Abacus.ai wants to build an AI platform that simplifies machine learning model creation, while still leaving room for power users. This week the company announced a $50 million Series C. At the same time, it announced that the platform was expanding to include computer vision use cases.
Tiger Global led the round, with participation from Coatue, Index Ventures and Alkeon Capital. With the investment, the company says that it has raised over $90 million in less than 30 months. The most recent funding prior to this was the company’s $22 million Series A last November.
Abacus co-founder and CEO Bindu Reddy, whose background includes stints at Google and AWS, says the company is trying to create a complete AI platform. “We have this end-to-end AI/ML platform where the unique thing is we have these vertically integrated solutions, which are kind of specific to common enterprise AI use cases. So think of things like churn reduction or lead scoring or personalization,” Reddy told me.
She says that this enables companies that lack a dedicated data science team to build machine learning models with the help of the platform. “With Abacus, you have all the pieces and modules that a standard AI platform like SageMaker has, but it is customized for each of those use cases,” she said.
With this approach, you choose a vertical, point to a data set and Abacus builds the model for you. This is sometimes known as AutoML. For companies that have data science teams, and have already built a model, they can use that model instead of one provided by Abacus, giving a complete experience depending on the customer’s requirements.
The approach puts Abacus in competition with the major cloud vendors and with startups like DataRobot, the Boston AutoML startup that has raised $1 billion, but she believes that Abacus has been able to simplify the model production process more than the cloud companies, and while she acknowledges that DataRobot is a competitor, she says her company’s ability to offer those vertical solutions is a big differentiator.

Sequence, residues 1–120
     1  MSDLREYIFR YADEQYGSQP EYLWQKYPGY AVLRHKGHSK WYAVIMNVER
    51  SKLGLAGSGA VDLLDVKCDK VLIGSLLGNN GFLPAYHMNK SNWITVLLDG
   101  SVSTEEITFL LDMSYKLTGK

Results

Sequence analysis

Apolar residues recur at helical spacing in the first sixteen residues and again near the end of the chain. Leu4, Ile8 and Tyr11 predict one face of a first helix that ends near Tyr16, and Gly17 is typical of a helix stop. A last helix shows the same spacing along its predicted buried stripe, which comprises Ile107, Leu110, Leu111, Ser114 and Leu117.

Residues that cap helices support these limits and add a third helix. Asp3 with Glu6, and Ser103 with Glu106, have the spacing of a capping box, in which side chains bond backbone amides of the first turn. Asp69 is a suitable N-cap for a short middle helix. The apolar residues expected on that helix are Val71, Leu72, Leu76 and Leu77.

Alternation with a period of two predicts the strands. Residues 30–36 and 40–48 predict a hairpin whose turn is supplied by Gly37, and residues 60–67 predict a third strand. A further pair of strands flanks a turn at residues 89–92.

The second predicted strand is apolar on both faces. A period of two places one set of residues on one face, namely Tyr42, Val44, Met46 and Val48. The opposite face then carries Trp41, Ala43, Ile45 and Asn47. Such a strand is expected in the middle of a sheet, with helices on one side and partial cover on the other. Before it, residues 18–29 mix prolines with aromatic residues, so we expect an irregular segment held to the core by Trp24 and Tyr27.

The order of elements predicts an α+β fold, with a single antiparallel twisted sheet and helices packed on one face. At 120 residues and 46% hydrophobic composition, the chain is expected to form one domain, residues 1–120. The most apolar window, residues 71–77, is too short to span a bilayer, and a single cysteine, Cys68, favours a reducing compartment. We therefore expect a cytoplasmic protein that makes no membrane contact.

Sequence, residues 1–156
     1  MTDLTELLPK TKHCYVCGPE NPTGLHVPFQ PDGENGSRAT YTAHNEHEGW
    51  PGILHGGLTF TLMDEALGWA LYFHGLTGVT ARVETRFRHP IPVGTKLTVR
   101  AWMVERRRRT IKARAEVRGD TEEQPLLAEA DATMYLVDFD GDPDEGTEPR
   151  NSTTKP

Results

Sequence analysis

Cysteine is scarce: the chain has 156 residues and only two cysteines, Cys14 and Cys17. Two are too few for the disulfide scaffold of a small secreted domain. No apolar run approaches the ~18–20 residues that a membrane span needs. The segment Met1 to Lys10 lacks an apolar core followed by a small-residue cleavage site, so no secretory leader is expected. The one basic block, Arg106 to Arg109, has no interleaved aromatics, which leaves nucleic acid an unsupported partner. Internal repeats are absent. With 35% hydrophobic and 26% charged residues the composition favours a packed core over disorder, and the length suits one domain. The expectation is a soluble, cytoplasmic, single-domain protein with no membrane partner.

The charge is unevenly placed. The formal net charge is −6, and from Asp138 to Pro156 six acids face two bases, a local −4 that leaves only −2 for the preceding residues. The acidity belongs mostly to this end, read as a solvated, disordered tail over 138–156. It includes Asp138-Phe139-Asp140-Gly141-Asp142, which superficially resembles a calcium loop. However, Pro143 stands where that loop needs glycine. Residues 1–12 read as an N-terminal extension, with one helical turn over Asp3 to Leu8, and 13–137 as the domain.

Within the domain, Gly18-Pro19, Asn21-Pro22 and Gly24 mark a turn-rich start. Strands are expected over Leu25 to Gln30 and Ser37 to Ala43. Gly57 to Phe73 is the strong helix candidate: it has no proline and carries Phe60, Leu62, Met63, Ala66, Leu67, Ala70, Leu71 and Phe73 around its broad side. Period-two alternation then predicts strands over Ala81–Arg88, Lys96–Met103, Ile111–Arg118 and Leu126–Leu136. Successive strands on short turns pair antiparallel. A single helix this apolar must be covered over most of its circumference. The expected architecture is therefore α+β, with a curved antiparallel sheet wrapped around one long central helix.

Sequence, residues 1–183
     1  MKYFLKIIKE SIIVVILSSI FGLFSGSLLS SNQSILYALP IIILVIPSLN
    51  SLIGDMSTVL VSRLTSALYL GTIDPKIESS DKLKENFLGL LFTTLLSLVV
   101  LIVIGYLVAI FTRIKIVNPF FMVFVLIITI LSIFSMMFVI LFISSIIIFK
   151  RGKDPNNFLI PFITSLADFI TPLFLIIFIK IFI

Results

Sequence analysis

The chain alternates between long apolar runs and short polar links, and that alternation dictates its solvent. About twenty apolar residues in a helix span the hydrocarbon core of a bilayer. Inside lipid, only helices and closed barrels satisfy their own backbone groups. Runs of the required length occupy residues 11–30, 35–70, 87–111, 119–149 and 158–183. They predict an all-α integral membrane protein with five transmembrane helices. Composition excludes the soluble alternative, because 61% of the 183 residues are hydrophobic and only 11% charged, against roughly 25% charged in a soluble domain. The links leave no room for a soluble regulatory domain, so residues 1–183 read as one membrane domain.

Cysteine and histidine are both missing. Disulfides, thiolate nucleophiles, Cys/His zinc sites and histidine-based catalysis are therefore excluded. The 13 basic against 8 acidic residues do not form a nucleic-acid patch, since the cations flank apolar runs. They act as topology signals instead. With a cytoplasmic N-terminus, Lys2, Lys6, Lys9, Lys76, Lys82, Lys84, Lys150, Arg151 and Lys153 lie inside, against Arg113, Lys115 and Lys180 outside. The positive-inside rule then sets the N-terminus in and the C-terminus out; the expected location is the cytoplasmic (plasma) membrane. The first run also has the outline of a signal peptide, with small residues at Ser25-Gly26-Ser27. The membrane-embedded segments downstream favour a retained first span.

One of those vertical solutions is computer vision, and as part of today’s news, the company also announced new computer vision use cases, including image detection, classification and segmentation.
Abacus, which was founded in 2019, currently has 45 employees. With the new capital, the plan is to double that number by year’s end. As they build up, she says it’s important to add women and build a diverse company, and Abacus has an internship for high school girls to show them that STEM is an exciting career proposition, something she says that she hopes to expand because the industry needs to attract more girls and women.
“I think one of the things we need to do is to increase that pool dramatically because one of the problems we definitely have is women [going to places] where there’s 80–90% men and saying, ‘We don’t even want to do this. Why would I want to work with a bunch of dudes?’ So we have to increase that pool. We need that balance. So we try very hard. We also reach out to women PhDs because we also have a research science department, and we want to make sure that we are also encouraging women researchers in the AI space,” she said.
The company’s platform seems to be working in the market, with 10,000 users on the platform, who have created over 30,000 models to date. While Reddy didn’t want to discuss specific paying customer numbers, she did share that companies like 1–800-Flowers, Flex and Recorded Books are using models in production built on the Abacus platform.